The Australian Competition and Consumer Commission authorised a revised form of the Homeworkers Code of Practice for five years.
The Homeworker Code Committee sought authorisation as the Code contains an agreement to only outsource work to contractors who comply with workplace laws.
“The ACCC considers that the Code is likely to provide businesses with a means to manage risks in their outsourced supply chains, and efficiently signal their compliance with workplace legal obligations,” ACCC Commissioner Dr Jill Walker said.
“This will lead to more informed decision making throughout the supply chain. The ACCC also considers that public benefits are likely to arise from greater compliance by businesses with their legal obligations towards vulnerable workers.”
"The revisions to the Code clarify its operation and extend its potential operation to textiles businesses to reflect changes to underlying laws.”
While the ACCC considers that the Code is likely to lead to some anticompetitive detriment, this will be limited by the following factors:
- the Code is voluntary;
- retail signatories and accredited manufacturers are only able to agree to boycott other businesses that are not compliant with their legal obligations; and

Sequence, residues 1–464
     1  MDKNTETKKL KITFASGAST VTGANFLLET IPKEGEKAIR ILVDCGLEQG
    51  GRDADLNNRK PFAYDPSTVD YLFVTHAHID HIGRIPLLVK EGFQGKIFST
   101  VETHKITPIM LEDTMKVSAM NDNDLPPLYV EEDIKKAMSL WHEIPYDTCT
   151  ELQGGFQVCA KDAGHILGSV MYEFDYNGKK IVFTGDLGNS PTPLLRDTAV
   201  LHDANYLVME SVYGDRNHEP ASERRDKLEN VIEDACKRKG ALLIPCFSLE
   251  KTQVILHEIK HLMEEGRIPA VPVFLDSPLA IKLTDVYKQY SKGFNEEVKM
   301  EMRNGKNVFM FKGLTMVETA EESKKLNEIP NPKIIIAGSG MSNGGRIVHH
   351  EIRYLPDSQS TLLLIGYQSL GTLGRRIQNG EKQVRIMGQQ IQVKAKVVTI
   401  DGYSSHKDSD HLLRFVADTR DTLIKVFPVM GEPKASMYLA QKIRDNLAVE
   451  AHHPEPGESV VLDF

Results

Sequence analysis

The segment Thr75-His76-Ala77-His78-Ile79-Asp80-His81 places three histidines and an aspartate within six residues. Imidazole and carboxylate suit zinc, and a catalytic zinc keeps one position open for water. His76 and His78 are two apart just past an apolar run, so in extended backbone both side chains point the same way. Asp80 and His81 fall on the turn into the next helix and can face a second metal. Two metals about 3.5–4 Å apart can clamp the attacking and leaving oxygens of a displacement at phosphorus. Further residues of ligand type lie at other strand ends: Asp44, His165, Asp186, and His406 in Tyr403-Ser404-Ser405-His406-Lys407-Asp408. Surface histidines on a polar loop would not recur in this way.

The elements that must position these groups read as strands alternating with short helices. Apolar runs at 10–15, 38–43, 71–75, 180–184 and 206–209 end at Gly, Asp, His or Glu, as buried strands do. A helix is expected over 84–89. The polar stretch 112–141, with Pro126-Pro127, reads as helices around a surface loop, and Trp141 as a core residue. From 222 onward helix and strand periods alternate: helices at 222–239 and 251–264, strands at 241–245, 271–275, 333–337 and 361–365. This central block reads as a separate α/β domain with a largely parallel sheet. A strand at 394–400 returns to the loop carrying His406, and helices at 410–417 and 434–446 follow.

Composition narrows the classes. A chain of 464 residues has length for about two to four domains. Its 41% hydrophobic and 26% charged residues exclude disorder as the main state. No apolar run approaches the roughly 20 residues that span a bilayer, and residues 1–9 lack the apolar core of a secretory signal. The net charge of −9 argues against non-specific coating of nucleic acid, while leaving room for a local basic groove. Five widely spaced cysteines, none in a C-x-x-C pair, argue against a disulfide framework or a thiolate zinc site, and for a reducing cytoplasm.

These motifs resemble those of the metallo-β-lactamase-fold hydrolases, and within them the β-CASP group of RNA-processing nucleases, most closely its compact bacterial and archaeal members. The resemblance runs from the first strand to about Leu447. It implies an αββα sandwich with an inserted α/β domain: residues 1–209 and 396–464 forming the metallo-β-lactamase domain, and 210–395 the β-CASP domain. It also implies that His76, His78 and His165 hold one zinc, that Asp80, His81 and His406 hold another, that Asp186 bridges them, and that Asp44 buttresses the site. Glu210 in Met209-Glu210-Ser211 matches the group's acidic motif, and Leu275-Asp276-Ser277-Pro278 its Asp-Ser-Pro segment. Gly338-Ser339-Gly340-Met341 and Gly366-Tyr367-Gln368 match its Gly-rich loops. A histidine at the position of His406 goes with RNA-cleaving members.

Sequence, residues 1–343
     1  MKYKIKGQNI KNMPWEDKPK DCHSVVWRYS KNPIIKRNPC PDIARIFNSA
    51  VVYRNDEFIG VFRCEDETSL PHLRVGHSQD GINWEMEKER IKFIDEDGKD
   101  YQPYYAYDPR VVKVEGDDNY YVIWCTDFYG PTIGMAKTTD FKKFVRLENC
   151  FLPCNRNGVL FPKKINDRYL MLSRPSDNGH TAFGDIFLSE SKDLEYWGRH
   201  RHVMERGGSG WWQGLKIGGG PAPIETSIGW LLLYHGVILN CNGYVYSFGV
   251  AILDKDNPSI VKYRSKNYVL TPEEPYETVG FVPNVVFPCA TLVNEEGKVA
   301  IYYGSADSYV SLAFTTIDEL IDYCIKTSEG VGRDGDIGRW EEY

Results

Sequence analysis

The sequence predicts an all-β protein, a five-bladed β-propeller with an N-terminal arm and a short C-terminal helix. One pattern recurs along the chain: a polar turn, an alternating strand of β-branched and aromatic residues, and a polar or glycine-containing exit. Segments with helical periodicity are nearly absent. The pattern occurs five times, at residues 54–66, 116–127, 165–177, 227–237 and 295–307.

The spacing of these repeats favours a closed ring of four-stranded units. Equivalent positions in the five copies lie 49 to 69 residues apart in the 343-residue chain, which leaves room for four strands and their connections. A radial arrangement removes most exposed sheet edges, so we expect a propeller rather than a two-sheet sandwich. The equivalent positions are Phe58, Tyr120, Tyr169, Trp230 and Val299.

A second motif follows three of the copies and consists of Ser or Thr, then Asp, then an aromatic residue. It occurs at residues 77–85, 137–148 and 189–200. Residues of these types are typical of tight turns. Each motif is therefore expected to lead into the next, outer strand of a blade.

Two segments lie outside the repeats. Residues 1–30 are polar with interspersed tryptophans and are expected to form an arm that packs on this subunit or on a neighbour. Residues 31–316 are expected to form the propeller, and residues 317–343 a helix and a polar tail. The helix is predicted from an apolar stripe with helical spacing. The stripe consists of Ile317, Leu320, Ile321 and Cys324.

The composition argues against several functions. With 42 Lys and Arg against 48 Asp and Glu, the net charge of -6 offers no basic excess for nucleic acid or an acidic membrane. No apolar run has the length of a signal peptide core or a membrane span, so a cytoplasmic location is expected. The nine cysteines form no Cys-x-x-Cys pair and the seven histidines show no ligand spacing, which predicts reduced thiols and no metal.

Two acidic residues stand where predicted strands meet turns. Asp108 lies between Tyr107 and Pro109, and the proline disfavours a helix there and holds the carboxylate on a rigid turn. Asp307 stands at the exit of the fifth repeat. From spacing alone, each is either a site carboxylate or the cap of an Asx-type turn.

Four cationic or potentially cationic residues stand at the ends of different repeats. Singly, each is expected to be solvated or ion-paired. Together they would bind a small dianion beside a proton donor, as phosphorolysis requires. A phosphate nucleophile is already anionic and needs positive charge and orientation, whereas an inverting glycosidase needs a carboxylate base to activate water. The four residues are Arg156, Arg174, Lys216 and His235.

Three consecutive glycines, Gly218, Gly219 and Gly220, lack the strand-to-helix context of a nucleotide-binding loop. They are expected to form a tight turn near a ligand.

- the Code contains safeguards against inappropriate accreditation or boycott decisions.
The ACCC had regard to submissions from interested parties who stated that accreditation under the Code was not voluntary for parties seeking to comply with Commonwealth Procurement Rules.
Ultimately, it is a matter for individual businesses to decide whether or not they tender for Commonwealth projects and therefore must comply with the requirements set by the Government.
“On balance, the ACCC considers the Code is likely to result in net public benefits. The benefits of efficiencies in risk management of outsourced supply chains and of compliance with legal obligations to workers are likely to outweigh the detriments,” Dr Walker said.
Authorisation provides statutory protection for conduct that might otherwise raise concerns under the competition provisions of the Competition and Consumer Act 2010. In general, the ACCC may grant an authorisation when it is satisfied that the public benefit from the conduct outweighs any public detriment.
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